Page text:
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Coronavirus in Belgium: The latest developments
What's the latest?
Belgium has recorded no "excess mortality" since 11 May - meaning the number of deaths is no higher than it would ordinarily have been at this time of year. Between 16 March and 10 May, Belgium had an average excess mortality of 47% due to coronavirus. When the virus peaked, in the week of 6 April, excess mortality was at 95%, meaning almost twice as many people died in that week than would normally be expected.
Brussels Airport has set out its plans for the summer, with 100 destinations available. All passengers entering the airport must wear a mask and will have their temperature checked. Brussels Airlights flights will start picking up from 15 June.Meanwhile, TUI intends to resume activity from 20 June, starting with flights to Dubrovnik and Faro, with more destinations to be added from July. Ryanair will resume operations with 90 routes from Charleroi and Zaventem. Brussels Airport is forecasting a net loss of €200 million this year, and does not expect to make a full recovery until 2023. There was a 99% drop in passenger numbers during the coronavirus shutdown.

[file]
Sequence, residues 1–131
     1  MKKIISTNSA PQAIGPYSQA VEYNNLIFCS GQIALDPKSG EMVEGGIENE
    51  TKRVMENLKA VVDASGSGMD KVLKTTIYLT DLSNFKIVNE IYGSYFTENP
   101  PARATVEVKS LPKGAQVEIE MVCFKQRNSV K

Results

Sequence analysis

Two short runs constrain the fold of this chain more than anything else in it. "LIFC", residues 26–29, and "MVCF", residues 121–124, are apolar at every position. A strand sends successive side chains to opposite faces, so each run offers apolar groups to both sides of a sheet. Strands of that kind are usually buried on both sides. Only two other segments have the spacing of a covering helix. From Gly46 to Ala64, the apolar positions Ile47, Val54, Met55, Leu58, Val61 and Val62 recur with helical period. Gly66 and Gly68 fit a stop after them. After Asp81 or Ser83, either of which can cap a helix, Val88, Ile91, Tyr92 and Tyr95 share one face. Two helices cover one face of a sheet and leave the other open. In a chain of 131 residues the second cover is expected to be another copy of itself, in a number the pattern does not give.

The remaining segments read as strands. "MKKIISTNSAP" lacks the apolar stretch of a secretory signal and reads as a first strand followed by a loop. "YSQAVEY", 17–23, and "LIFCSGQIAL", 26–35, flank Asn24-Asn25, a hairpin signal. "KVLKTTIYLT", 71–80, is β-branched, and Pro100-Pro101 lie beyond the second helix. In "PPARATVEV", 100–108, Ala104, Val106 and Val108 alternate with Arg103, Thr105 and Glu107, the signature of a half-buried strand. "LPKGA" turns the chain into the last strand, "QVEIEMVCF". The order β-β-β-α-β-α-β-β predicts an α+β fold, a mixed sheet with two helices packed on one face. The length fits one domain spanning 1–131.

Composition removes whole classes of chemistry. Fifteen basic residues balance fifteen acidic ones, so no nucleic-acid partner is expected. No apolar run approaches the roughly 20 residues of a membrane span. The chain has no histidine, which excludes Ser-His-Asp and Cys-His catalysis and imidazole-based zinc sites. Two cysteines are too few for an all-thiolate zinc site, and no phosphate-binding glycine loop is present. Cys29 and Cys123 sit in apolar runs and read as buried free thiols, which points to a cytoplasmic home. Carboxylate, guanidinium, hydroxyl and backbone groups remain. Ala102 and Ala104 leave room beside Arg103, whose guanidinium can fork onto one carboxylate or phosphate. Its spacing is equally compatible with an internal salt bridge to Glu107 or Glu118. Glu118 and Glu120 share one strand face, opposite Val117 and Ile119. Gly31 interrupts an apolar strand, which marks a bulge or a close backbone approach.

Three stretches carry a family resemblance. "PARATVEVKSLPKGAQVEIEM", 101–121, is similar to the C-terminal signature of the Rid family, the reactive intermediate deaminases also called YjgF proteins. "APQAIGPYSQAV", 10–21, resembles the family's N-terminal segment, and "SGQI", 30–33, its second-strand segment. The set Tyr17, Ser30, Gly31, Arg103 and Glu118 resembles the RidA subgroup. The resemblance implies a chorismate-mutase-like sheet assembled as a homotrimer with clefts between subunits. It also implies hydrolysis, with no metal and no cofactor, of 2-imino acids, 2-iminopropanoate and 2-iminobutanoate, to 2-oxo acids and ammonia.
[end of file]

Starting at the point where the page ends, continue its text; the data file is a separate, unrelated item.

With the number of new confirmed cases in decline, the workload for Brussels' contact tracers is easing. In the first fortnight, the call centre contacted 2,400 people to inform them that they had been in contact with an infected person. Last week, they only had 211 people to contact by phone - and 32 face-to-face visits.
According to a new study by UC Louvain, half of people in Belgium have put off some form of medical treatment during the coronavirus crisis. The most common were dental care, physiotherapy, speech therapy and visits to GPs. The medical sector is likely to feel the strain from these delayed appointments in the coming months. The report's authors wrote: "We focused on treating people who were in dire need and needed to be saved. But other people who had a regular need for care could not be seen. And their health has deteriorated as a result. We experienced a first wave linked to the coronavirus - it is possible that we have a second wave in our care system which is going to be linked to all these chronic health problems which were not managed in time and which have grown."